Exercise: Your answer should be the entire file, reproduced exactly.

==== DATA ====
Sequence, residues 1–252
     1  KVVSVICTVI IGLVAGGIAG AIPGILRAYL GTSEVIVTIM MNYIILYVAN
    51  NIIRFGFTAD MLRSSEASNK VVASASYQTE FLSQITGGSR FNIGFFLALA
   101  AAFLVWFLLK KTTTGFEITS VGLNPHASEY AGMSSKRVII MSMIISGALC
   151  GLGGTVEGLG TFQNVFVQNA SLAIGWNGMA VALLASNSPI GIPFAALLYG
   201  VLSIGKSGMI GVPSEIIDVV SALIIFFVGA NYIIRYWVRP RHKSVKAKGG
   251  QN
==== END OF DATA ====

Sequence, residues 1–252
     1  KVVSVICTVI IGLVAGGIAG AIPGILRAYL GTSEVIVTIM MNYIILYVAN
    51  NIIRFGFTAD MLRSSEASNK VVASASYQTE FLSQITGGSR FNIGFFLALA
   101  AAFLVWFLLK KTTTGFEITS VGLNPHASEY AGMSSKRVII MSMIISGALC
   151  GLGGTVEGLG TFQNVFVQNA SLAIGWNGMA VALLASNSPI GIPFAALLYG
   201  VLSIGKSGMI GVPSEIIDVV SALIIFFVGA NYIIRYWVRP RHKSVKAKGG
   251  QN